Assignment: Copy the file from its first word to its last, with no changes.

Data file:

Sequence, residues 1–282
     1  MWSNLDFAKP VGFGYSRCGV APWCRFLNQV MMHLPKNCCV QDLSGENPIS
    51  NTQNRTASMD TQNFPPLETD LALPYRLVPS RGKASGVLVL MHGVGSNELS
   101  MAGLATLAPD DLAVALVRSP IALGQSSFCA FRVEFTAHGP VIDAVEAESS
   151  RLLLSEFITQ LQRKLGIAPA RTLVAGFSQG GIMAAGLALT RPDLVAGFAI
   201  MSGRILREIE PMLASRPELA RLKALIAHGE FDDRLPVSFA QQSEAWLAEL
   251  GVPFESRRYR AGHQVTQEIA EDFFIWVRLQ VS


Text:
Sequence, residues 1–282
     1  MWSNLDFAKP VGFGYSRCGV APWCRFLNQV MMHLPKNCCV QDLSGENPIS
    51  NTQNRTASMD TQNFPPLETD LALPYRLVPS RGKASGVLVL MHGVGSNELS
   101  MAGLATLAPD DLAVALVRSP IALGQSSFCA FRVEFTAHGP VIDAVEAESS
   151  RLLLSEFITQ LQRKLGIAPA RTLVAGFSQG GIMAAGLALT RPDLVAGFAI
   201  MSGRILREIE PMLASRPELA RLKALIAHGE FDDRLPVSFA QQSEAWLAEL
   251  GVPFESRRYR AGHQVTQEIA EDFFIWVRLQ VS